Graves orbitopathy (GO) is a relatively rare condition, but can cause significant morbidity, poor quality of life, socioeconomic cost and occasionally impaired vision. Some studies indicate that nearly all patients with Graves hyperthyroidism, even those without overt GO, have subclinical eye disease. It is becoming increasingly evident that early recognition of GO and early interventions can affect the long-term outcome favourably. Predicting which patients will develop clinical manifestations of GO is therefore important. Clinical tools for early recognition of GO in a population of patients with Graves hyperthyroidism attending endocrine clinics have been developed and are being further validated. A number of clinical and biochemical parameters have been shown to be associated with progression of GO and can be used clinically to identify such cases. They include age, gender smoking status, severity of thyrotoxicosis, dysthyroid status, use of radioiodine and the level of TSH receptor antibodies.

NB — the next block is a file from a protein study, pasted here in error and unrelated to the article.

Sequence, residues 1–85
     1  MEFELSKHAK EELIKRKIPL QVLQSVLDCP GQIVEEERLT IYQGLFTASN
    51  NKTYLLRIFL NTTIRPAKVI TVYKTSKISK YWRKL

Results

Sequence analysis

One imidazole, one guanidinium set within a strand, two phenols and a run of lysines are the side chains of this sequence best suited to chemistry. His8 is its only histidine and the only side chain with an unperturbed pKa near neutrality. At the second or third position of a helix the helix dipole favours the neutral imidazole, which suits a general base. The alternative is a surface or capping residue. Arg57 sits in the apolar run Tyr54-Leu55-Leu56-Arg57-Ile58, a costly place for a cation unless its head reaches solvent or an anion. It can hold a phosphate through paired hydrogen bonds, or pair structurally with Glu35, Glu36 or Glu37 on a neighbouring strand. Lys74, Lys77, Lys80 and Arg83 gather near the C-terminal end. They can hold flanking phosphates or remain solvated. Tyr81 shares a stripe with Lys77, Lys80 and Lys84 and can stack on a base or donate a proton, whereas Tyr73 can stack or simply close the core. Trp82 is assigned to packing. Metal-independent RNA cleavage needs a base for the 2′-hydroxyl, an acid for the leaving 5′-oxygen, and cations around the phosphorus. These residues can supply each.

20 - 23 May 2017
European Society of Endocrinology